By Alexander Brotman
As 2022 comes to a close and the war in Ukraine passes the 10-month mark, some leaders and prognosticators in the West are determined for Ukraine to reach a settlement with Russia in order to ensure a lasting peace. Former Secretary of State Henry Kissinger in a piece for The Spectator urged that Ukraine should achieve ‘peace through negotiation’ in order to avoid a third world war. Kissinger’s premise is based on the belief that Russia is an invaluable member of the European security order and a great power that is destined to play a part in shaping events on the continent. French President Emmanuel Macron echoes this view when he insists on security guarantees for Russia rather than for Ukraine, making sure Moscow is not humiliated in the process. Likewise, the ‘Zeitenwende’ or ‘turning point’ in German foreign and defence policy announced by Chancellor Olaf Scholz still succumbs to a long-standing tendency within Germany not to ostracise Russia but to leave the door open for cohabitation and expanded trade.
In his article, Kissinger rightly concludes that ‘Ukraine has become a major state in Central Europe for the first time in modern history.’ Despite not falling under most definitions of the states that constitute Central Europe, Ukraine ideologically falls under Milan Kundera’s notable depiction of Central Europe as a region deeply tied to European civilisation and Western values rather than to Russian imperialism. Just as the conception of Central and Eastern Europe has changed throughout history, the role of states from Poland to the Baltics are helping to redefine Europe’s security architecture and strategic outlook towards Russia. The Estonians are perhaps the most adamant in their view that negotiation does not bring peace but rather only further time for Russian forces to reconstitute and threaten Ukraine and other neighbouring states in the future. It may be easier to settle for another frozen conflict in Ukraine at a time of increasing economic hardship across Europe, but for Estonian Prime Minister Kaja Kallas, peace can only come after Russia’s aggression is defeated, leaving Kyiv free to pursue its democratic path.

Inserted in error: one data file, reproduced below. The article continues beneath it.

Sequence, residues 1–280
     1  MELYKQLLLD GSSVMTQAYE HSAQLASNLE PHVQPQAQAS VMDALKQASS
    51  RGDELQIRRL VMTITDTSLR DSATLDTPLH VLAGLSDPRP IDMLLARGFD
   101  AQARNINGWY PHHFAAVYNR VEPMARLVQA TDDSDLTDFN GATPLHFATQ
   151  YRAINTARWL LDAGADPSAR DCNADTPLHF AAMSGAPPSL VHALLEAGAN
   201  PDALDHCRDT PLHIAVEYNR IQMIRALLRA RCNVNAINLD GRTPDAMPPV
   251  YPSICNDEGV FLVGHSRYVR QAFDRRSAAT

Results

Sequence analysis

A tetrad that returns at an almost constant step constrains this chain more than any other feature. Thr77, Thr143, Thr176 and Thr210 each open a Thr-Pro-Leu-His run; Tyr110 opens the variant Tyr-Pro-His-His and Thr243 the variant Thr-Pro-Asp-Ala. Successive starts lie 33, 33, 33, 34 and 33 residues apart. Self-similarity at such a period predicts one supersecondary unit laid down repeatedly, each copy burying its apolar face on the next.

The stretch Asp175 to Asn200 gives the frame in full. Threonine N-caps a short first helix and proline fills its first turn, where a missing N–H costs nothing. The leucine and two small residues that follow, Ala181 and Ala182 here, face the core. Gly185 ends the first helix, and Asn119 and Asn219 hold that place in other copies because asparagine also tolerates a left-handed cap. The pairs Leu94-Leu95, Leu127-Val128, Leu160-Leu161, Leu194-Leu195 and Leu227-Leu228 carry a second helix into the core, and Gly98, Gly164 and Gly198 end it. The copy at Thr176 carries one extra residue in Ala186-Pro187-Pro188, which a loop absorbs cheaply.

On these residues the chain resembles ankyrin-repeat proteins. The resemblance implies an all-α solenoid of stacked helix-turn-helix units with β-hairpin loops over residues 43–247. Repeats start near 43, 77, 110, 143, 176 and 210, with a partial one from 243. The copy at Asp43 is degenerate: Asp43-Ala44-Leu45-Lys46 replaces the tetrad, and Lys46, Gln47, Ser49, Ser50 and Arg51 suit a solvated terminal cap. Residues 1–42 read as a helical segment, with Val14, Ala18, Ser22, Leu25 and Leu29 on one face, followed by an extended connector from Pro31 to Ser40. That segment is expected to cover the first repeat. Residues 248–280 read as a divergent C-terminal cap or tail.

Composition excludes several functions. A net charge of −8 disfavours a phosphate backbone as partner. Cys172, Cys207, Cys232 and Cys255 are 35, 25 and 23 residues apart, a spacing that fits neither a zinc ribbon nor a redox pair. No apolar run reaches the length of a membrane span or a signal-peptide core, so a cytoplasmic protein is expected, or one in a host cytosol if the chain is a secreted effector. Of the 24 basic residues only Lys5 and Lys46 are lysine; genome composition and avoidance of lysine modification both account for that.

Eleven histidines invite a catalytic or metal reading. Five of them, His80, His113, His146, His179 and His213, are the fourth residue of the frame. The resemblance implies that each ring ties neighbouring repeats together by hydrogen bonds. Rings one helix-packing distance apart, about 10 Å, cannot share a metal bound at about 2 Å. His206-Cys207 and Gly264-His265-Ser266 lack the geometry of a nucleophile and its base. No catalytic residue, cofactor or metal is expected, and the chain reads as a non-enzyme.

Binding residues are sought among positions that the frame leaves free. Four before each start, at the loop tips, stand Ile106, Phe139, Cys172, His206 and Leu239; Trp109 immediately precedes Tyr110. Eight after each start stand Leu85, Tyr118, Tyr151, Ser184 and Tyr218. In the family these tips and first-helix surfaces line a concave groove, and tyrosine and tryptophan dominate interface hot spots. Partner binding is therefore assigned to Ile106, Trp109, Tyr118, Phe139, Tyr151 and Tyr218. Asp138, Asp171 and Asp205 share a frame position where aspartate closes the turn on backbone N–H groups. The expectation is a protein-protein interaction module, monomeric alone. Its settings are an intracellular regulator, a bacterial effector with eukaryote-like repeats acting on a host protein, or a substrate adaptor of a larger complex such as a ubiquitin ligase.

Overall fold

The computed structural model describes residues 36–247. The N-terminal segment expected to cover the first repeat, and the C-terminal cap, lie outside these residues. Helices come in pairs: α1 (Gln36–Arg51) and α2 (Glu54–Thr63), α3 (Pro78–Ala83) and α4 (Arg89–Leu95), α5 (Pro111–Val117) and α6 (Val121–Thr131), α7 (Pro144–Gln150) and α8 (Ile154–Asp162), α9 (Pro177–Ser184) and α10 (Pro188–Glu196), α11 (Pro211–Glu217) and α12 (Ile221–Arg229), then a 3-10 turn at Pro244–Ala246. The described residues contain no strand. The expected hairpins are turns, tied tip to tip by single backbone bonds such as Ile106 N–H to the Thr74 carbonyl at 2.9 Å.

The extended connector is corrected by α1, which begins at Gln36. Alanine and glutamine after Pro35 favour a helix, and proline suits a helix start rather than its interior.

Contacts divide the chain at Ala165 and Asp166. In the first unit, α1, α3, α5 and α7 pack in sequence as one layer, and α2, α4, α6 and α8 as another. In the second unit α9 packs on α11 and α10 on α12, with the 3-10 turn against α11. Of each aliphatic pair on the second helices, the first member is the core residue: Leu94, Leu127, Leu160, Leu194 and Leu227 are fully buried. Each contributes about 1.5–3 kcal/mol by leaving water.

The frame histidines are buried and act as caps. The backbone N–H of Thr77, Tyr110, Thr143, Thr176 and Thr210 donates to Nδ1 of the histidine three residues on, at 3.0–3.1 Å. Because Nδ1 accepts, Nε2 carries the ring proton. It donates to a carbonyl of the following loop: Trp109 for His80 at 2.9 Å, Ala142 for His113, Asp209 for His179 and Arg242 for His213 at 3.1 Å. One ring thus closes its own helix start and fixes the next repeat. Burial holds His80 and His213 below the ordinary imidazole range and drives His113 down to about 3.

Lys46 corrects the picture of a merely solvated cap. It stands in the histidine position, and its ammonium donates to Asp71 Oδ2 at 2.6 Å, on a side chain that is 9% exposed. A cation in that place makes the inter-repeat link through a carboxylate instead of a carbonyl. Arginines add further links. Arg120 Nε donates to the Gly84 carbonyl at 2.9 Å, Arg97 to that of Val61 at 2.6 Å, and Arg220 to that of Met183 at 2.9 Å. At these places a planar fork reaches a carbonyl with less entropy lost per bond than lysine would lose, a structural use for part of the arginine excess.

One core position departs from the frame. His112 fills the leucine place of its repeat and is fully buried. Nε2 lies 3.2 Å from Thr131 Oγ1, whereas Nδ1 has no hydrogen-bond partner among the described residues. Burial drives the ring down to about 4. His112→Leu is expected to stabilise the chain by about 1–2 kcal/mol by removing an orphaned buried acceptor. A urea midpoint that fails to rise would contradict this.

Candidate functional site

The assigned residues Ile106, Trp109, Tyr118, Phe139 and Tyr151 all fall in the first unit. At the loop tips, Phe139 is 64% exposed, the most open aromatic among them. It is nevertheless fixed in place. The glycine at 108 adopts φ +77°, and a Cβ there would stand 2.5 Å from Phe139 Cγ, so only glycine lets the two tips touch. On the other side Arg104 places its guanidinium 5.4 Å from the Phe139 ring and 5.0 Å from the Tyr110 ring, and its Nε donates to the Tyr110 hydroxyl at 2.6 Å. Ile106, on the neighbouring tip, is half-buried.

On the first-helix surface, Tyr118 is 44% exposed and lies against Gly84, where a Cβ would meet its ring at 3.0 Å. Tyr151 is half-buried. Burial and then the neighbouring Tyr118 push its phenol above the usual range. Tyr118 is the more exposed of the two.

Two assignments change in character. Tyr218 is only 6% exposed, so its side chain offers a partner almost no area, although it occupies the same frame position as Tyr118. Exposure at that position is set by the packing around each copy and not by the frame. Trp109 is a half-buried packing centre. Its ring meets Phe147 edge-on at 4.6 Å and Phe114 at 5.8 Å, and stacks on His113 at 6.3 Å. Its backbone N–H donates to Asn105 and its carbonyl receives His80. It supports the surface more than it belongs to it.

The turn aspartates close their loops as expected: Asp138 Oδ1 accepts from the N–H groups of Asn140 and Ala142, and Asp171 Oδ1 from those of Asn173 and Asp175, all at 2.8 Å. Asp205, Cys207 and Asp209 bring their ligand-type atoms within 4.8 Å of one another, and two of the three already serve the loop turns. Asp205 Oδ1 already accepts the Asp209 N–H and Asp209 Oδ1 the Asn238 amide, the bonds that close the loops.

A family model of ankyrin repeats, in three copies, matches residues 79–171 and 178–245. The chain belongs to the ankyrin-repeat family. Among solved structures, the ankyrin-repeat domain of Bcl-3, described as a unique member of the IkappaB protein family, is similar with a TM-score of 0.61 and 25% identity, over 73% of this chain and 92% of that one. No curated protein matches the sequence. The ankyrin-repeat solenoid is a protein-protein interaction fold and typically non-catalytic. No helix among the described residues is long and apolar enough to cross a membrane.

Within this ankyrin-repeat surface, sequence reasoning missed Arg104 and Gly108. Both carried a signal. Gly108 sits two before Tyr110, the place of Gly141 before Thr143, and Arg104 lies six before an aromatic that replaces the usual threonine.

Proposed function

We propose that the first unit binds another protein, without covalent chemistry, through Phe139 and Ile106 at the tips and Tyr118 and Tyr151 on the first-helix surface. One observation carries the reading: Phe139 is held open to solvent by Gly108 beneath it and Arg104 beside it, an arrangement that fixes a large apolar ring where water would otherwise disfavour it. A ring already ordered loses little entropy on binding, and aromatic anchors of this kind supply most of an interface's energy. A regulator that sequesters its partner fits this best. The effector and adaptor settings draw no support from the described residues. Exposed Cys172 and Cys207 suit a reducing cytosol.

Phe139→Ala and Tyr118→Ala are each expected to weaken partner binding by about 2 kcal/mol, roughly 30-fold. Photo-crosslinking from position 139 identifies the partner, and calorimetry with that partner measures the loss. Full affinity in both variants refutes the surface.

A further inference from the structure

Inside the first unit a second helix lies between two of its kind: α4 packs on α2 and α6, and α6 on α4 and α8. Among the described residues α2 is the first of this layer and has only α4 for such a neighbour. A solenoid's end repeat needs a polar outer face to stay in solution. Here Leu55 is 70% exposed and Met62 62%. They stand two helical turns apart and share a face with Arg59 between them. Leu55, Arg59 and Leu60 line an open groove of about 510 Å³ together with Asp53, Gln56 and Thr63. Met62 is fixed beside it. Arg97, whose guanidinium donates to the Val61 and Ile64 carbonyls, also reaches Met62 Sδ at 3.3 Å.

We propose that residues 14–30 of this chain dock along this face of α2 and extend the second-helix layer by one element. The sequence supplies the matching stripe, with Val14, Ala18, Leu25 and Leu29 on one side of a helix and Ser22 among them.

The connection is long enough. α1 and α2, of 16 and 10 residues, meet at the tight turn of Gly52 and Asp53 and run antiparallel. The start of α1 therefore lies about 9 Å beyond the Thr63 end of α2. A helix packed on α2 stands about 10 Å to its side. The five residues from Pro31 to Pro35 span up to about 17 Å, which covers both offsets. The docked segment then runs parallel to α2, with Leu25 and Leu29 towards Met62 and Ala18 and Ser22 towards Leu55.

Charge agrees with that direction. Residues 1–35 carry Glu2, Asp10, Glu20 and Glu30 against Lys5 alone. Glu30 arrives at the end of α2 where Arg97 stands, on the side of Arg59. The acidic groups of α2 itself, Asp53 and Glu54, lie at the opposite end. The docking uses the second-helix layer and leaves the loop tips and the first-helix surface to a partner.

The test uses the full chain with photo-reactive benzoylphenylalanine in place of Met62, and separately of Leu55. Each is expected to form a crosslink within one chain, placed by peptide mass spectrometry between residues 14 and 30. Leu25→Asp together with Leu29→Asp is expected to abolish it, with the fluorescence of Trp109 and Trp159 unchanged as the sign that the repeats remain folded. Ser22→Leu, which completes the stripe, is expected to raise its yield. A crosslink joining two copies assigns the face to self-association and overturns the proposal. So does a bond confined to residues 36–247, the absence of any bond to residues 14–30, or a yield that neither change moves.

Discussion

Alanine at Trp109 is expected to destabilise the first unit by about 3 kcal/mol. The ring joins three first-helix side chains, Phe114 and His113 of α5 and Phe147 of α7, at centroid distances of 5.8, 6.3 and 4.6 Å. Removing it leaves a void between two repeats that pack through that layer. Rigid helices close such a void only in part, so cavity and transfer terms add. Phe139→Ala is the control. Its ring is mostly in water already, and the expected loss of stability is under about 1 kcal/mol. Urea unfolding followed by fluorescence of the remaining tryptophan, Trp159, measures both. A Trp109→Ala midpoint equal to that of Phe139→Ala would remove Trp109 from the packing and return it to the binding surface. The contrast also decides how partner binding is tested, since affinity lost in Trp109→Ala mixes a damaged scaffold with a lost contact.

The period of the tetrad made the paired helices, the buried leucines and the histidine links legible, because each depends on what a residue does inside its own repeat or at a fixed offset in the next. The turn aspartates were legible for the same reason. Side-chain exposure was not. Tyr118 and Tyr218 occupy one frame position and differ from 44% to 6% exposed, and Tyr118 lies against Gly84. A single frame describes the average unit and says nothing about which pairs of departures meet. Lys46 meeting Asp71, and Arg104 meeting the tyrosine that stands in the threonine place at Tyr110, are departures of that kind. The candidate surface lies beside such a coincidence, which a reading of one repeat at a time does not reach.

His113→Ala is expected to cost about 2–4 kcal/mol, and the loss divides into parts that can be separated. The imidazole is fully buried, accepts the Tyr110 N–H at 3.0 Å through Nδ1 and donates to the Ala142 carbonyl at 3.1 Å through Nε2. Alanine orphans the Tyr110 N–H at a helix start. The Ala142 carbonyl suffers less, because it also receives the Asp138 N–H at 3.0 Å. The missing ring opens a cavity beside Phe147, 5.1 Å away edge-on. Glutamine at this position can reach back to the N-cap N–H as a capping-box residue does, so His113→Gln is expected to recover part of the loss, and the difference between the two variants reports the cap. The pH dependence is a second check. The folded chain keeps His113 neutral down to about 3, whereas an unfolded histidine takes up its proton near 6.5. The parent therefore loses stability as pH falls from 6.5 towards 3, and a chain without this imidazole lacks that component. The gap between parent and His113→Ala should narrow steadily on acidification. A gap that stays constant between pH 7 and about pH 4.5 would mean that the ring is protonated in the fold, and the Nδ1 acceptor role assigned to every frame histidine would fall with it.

Likewise, the inclusion of Russia in the shared security order of the states in Central and Eastern Europe is a non-starter for Warsaw and Tallinn. Russia’s security can only be interlinked with that of Europe if it proves itself to be a responsible actor and not a state increasingly characterised as a state sponsor of terrorism by European capitals. This can arguably only happen in a post-Putin Russia that finally becomes post-Soviet and is ready to tackle the demons of its imperial past with guaranteed respect and unconditional sovereignty for its former republics.
For Ukraine, its alliances have never been more steadfast and its integration into the Western security architecture and European political institutions, through both NATO, and the EU, continues to deepen. Despite a brutal winter ahead, the Ukrainians are unlikely to capitulate to Russian demands because of continued attacks on Kyiv’s energy infrastructure, nor is another flow of refugees into Poland and neighbouring states likely as a result. Kyiv remains emboldened on almost every level, and its leader, President Zelenskyy, the recipient of numerous accolades and admirers across the globe. His first overseas visit since the conflict began to Washington DC is a testament to his stature on the world stage and his confidence as a leader capable of galvanizing his people at home and earning the respect of great powers who previously underestimated his abilities. The coming deployment of the Patriot missile defence system to Ukraine is another sign of the immense trust Washington now places in Kyiv, with further battlefield successes and continued counteroffensives likely in the first months of the new year.
As the journalist Luke Harding concludes in his account of the first ten months of the war, Ukraine has proven many times to be ‘one of history’s survivors,’ bouncing back from unspeakable tragedy and defining the course of its future. This same optimism is echoed by the historian Timothy Garton Ash in his assessment that Putin is the greatest threat and perhaps the death knell to the concept of the ‘Russian world,’ originally conceived as a soft-power means of influence but now harbouring no illusions as to its hard-power capabilities as well. For grand strategists like Kissinger and Macron, the will and strength of the Ukrainian people is anathema to long-standing conditions and preconceived notions in international politics that views Russia as a state required to coexist with Europe by virtue of its size and influence. In Ukraine, values and the idealistic nature of international politics are on full display, clashing with the realist tendency to view states as fundamentally acting in pursuit of their own interests and the global system as anarchic by default.
As the new year dawns, Putin has redrawn the map not of Ukraine, but of international relations and of the virtues of alliance-building in the modern era, adding more nations to NATO and giving liberal internationalism a new wind. This is Kyiv’s strongest argument to continue to fight and not hobble to the negotiating table seeking security guarantees for its invader and not for itself. Kyiv is driving Russian politics and the trajectory of a post-Putin Russia while acting as a bulwark for the security of the West in the process. As such, the decision should be Kyiv’s alone as to whether Russia should be integrated into a common European home and whether Moscow is worthy of security guarantees from its neighbours on the continent it has so brutally traumatised.
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